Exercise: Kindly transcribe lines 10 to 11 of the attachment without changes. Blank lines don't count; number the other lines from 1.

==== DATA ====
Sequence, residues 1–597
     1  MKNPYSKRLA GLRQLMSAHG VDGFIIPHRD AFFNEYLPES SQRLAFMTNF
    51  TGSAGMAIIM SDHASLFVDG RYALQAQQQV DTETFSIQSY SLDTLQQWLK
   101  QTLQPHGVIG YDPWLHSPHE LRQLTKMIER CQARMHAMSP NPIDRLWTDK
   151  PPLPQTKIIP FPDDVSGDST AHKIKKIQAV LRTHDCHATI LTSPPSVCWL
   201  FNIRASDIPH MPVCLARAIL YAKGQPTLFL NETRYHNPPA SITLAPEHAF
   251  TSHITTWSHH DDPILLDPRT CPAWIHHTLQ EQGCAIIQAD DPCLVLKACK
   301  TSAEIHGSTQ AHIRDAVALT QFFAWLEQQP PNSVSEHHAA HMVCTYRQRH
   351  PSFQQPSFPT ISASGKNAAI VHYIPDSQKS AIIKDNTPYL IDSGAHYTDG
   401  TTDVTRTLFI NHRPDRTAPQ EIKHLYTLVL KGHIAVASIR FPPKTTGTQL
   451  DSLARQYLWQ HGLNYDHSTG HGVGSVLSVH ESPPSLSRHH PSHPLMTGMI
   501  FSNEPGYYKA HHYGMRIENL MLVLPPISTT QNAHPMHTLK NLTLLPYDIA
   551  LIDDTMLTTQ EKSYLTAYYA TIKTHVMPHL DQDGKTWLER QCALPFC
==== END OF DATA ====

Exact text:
   401  TTDVTRTLFI NHRPDRTAPQ EIKHLYTLVL KGHIAVASIR FPPKTTGTQL
   451  DSLARQYLWQ HGLNYDHSTG HGVGSVLSVH ESPPSLSRHH PSHPLMTGMI